• Training in advocacy skills for people who want to either self advocate (advocate for their own personal needs, e.g., get the accommodations you need at school or work), raise awareness, or join in a collective effort to challenge systemic discrimination and break down societal barriers, so that people with sight loss can participate fully and equally in society.
  • No regular time or length of service requirement to become an advocate.
  • CNIB provides the training and the tools needed.
Why does it matter?
  • You are your own best advocate. There is so much to be done to create the inclusive society we envision, where people with sight loss receive the accommodations they need as a matter of course. We are stronger together. By speaking up, whether individually or as part of a group, is how we will change what it is to be blind today.
Dorothy's Story: "As a former teacher I knew firsthand the importance of access to reading materials. This (Centre for Equitable Library Access) was a long-fought campaign, and I spoke to a number of Ministers, MPPs and the Premier. We were a small yet mighty number of advocates who wrote letters, emails, and made calls to decision makers. We kept the pressure on and I was so happy when the funding came through; it is going to have a huge impact for people with print disabilities."

For more information or to volunteer, please contact:

Simcoe-Muskoka (Barrie)
Sherri.Helsdingen@cnib.ca, 705-728-3352 ext. 5289

Northeast (Sudbury)
Rose.Jobin-White@cnib.ca, 705-675-2468 ext. 5418

Northwest (Thunder Bay)
Kelly.Rooney@cnib.ca, 807-345-3341 ext. 5460


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CNIB Ambassador Program

What is it?
  • A public speaking program for people who would like to raise awareness of sight loss and the work of CNIB at community events.
  • CNIB provides training to help people develop their public speaking skills in order to confidently represent CNIB in the community.
  • CNIB Ambassadors represent CNIB at schools, seniors' residences, information booths at community events and fundraising events, – anywhere where a community representative is needed.
Why does it matter?
  • Every time a CNIB Ambassador speaks at a community event, people learn about the spectrum of blindness, the programs of CNIB and the challenges and accomplishments of people with sight loss.
  • The average Canadian knows very little about sight loss, even though they probably know someone who has experienced it.
  • Too many people accept their sight loss without learning how to regain their independence.
Betty's Story: "I agreed to join CNIB’s Ambassador Program as it would give me an opportunity of paying CNIB back for all their assistance as a client and would involve helping others with sight loss. I was also very interested in receiving training in public speaking which would help to build my confidence and self-esteem. I found that after doing a presentation, many people come forward to ask questions and receive information. Hearing “the facts” from a CNIB client and how their services have made a difference in our lives helps people with sight loss and family members to have a better understanding of CNIB. When we attend health fairs, our information table gives CNIB a presence in their community and the informal environment encourages people to stop by and chat. In the past years, blind and partially sighted people have been “out of sight”. Being an Ambassador puts us right in the eyes of the public. We stand up with pride with our heads held high and tell our personal stories. CNIB and their staff gave us back self-esteem and our voices.”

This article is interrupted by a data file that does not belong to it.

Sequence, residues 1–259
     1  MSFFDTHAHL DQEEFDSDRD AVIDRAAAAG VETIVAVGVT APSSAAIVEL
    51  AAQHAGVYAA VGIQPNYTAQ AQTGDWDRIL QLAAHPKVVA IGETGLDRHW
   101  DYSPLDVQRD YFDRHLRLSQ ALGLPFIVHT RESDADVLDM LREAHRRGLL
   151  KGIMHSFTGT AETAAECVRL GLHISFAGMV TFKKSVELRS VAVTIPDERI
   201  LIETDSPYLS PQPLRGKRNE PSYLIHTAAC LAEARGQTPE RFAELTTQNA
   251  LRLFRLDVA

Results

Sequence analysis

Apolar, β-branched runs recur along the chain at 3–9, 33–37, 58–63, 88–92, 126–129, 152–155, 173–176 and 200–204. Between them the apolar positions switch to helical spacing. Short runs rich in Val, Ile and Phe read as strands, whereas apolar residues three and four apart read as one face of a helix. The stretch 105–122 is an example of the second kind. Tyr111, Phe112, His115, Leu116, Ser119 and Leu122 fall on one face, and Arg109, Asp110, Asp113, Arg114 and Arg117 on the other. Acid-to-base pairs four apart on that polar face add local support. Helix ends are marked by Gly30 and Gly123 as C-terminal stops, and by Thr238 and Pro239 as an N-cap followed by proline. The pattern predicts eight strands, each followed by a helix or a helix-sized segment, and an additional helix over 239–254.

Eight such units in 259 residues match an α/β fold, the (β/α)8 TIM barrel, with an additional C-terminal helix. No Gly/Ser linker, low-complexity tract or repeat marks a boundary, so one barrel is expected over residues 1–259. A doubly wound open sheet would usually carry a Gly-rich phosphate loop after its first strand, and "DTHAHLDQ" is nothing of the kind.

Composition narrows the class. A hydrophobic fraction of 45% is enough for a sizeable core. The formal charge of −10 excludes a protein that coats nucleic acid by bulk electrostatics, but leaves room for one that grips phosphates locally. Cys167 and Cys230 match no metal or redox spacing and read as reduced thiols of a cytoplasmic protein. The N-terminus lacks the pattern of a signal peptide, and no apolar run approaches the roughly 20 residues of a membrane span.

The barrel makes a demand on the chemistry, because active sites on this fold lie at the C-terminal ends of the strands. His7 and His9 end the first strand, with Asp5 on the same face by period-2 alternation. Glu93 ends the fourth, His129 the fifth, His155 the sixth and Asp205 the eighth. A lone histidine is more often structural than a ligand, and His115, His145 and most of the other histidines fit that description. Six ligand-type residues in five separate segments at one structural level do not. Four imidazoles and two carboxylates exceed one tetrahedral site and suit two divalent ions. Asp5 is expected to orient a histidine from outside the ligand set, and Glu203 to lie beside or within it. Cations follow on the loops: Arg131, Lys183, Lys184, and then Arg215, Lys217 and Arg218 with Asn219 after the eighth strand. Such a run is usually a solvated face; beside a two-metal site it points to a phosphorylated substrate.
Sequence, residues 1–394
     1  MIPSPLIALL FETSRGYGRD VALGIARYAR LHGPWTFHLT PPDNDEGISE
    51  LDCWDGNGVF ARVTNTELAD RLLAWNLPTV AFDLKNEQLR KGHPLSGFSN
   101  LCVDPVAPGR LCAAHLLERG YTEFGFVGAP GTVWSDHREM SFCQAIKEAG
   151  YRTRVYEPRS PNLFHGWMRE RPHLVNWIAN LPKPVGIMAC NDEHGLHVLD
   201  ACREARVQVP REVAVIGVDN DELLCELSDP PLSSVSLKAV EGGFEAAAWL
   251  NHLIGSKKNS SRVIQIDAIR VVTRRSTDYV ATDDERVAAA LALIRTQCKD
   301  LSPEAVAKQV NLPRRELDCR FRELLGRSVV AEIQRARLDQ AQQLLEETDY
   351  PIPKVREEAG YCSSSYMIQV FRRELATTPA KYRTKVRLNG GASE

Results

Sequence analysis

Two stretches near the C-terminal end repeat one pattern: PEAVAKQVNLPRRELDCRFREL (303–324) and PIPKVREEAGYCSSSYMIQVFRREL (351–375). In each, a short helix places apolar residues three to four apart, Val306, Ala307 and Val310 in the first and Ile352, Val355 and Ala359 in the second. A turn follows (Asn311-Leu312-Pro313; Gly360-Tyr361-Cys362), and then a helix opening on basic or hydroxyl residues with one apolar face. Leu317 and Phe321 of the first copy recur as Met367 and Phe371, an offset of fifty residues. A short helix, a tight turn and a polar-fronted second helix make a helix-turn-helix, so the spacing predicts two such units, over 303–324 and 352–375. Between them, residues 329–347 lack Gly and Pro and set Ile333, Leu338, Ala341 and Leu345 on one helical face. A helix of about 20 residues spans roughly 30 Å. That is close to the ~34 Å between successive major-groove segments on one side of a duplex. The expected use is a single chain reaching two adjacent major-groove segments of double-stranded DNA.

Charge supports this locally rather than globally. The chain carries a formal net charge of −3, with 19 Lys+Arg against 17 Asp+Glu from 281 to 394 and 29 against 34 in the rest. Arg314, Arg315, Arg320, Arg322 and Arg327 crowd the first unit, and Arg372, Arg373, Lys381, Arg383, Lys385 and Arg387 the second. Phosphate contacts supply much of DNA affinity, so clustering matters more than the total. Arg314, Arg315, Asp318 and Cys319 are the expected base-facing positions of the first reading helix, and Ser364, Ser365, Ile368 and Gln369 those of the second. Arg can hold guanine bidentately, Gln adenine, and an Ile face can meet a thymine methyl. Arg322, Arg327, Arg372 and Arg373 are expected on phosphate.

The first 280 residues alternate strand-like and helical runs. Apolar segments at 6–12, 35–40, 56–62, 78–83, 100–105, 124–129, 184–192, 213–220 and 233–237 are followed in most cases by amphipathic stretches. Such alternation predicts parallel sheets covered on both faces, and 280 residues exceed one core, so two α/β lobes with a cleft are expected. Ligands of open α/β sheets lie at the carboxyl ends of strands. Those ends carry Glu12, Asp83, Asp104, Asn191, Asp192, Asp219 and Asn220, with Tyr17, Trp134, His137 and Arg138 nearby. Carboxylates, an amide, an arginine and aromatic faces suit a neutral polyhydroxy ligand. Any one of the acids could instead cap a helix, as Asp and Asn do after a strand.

If you are interested in requesting a CNIB speaker for your event, please visit our request page.

For more information or to volunteer, please contact:

Simcoe-Muskoka (Barrie)
Sherri.Helsdingen@cnib.ca, 705-728-3352 ext. 5289

Northeast (Sudbury)
Rose.Jobin-White@cnib.ca, 705-675-2468 ext. 5418

Northwest (Thunder Bay)
Kelly.Rooney@cnib.ca, 807-345-3341 ext. 5460


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CNIB Medical Mobile Eye Care Unit (CNIB Eye Van)

The CNIB Eye Van is a fully-equipped mobile eye care unit, providing critical medical eye care to 30 remote communities in Northern Ontario where these types of services aren't typically available. The CNIB Eye Van program was established in 1972, in partnership with the Ontario Medical Association (OMA). For over 45 years, our partnership with the OMA, the Eye Physicians and Surgeons of Ontario, and many other community partners have contributed to our continued success.

Nine months of the year (March to November), a group of 30 participating ophthalmologists, assisted by two CNIB ophthalmic assistants, travel more than 6,000 kilometres and examine 4,500 patients. For many Eye Van patients, it means a chance at early detection if an eye condition is present – and a much greater opportunity to receive treatment and avoid sight loss.

For more information, please contact Lisa.O'Bonsawin@cnib.ca, 705-675-2468 or visit the Eye Van section of our website.

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CNIB Lake Joseph Centre

CNIB's Lake Joseph Centre (commonly known as "Lake Joe") is a fully accessible lakefront facility located in the Muskoka region of Ontario, providing a unique blend of recreation and vision rehabilitation in a safe, inclusive environment where guide dogs are welcome. Two hours north of Toronto, Lake Joe stretches over 12.5 acres of waterfront property on the northwest corner of beautiful Lake Joseph. There, a wide range of programs are available to people of all ages who are living with sight loss.

Volunteer opportunities exist year round at Lake Joe including supporting guests participating in various camp activities, assisting with special projects and events or helping out in the office.

For more information, please contact Eugene.Chong@cnib.ca, 705-375-2630 or visit the Lake Joe section of our website.

Lake Joseph Centre Board Members List for 2016-17

  • Robert Froom – Chair
  • Cory Braun
  • Dawn Clelland
  • Shawn Dale
  • Lion Peter Hammond
  • Terry Kelly
  • Tom MacNair
  • Dan Maggiacomo
  • Nancy Simonot
  • Derek Thompson
  • Jim Tokos
CNIB Staff
  • Monique Pilkington, Executive Director, Ontario North
  • Eugene Chong, General Manager, CNIB Lake Joseph Centre
  • Alain Saumur, Director, Philanthropy, CNIB Ontario Division
  • Eyre Purkin Bien, Manager, Major Gifts, CNIB Ontario East
  • Cindi Meyer, Manager, Major Gifts, CNIB Ontario
  • Devin Shyminsky, Coordinator, Community Giving, CNIB Ontario North